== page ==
Due to its chemical make – up, knives made from ZDP 189 steel can be expected to offer good rust resistance because of the chromium content. However, users do report a tendency to rust if ZDP 189 knives are left wet or exposed to moist conditions.
A ZDP 189 steel knife will require careful drying after use and storage away from moisture to retain its corrosion free finish.
Ease of sharpening
Because of the low levels of vanadium carbide in ZDP 189 steel, blades made from this material are quite easily sharpened if you are using the appropriate sharpening stone, in the case of ZDP 189 steel blades, aluminum oxide – based water stones are the recommended sharpening method.
ZDP 189 steel versus VG 10 steel
Another type of knife steel that is popular today is VG 10 steel. Let’s see how it compares to ZDP 189 in a couple of areas.
One thing to consider when you’re purchasing a new knife is your budget and how much you’re willing to spend. As holds true with most things, spending a bit more usually ensures a better quality of item.
You’ll find at retailers that ZDP 189 steel knives will be more expensive (generally speaking) than knives made from VG 10 steel.
Ease of sharpening
As ZDP 189 steel knives are very hard, you’ll find it easier to sharpen knives made from VG 10 steel. Knife experts report that a VG 10 knife is a doddle to sharpen compared to the harder ZDP 189, but again, if you’re using a wet stone sharpening system for your ZDP 189 knives, you’ll get them extremely sharp and will only have to sharpen very occasionally.
ZDP 189 steel knives are harder than their VG 10 counterparts. The Rockwell rating of ZDP 189 is about 67 HRC, whereas VG 10 steel comes in at 56 – 60 HRC.
This difference might not even be noticed by the average consumer and for everyday kitchen usage they’re of a similar class.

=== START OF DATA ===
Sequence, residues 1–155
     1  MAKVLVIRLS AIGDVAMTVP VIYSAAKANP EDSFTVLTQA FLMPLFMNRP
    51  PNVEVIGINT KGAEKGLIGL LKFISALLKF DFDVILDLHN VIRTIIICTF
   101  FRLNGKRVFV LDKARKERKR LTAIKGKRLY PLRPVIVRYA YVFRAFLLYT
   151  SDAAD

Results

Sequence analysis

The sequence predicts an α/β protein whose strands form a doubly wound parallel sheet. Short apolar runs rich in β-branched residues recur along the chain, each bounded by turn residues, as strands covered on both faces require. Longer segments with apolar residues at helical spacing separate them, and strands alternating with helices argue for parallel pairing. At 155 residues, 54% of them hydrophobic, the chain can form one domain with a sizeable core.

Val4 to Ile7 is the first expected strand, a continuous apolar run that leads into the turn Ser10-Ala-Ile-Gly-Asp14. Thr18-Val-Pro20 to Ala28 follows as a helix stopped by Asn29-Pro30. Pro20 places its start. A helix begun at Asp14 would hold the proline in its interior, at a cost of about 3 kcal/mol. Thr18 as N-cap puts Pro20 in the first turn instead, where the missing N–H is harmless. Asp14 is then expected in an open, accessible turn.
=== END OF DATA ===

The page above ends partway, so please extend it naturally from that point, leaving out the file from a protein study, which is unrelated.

You might think that the ZDP 189 steel knife would be tougher than the VG 10 steel knife because it’s harder. This is not the case as both knives can be prone to chipping if used very roughly or banged around.
Knives made from either material offer a decent level of toughness or durability for everyday use but require care and prudent usage.
The ZDP 189 steel knife wins here with a longer lasting sharp edge than its VG 10 steel knife counterpart. You need to weigh this with the VG 10’s easier sharpening and decide for yourself which material will best suit your habits and knife care routine.
The VG 10 steel knife blades win here as they’re more rust and discoloration resistant. Some ZDP 189 steel knife owners complain of staining on the blade and a susceptibility to rust, so the ZDP 189 steel knife will require more attention and care than its VG 10 counterpart, simply because its component chemicals and make up are different.
Care & maintenance for ZDP 189 steel knife blades
We’ve established that the ZDP 189 steel knife offerings on the market today offer very good quality for the knife lover.
How do you look after your ZDP 189 steel knife to ensure that it lasts and that you get to enjoy its razor – sharp edge for ages? Read on below for our top tips!
- Never dump your knife or knives into a sink. This damages the blades as they jostle with other items. Wash knives separately.
- Thoroughly dry your ZDP 189 steel knife after every use and store it in very dry conditions without damp. Do not store next to a sink or kettle for example.
- Invest in an aluminum oxide – based water stone for your ZDP 189 steel knife, this works best on the blade.
- Always follow retailer’s and manufacturer’s directions carefully and use your ZDP 189 steel knife only for what it was intended for.
ZDP 189 steel knives have long been top sellers for those in the know, because they offer very good performance. We trust that this overview of ZDP 189 steel knife composition, manufacture, comparison and care and maintenance has given you a good grounding in this popular class of knives.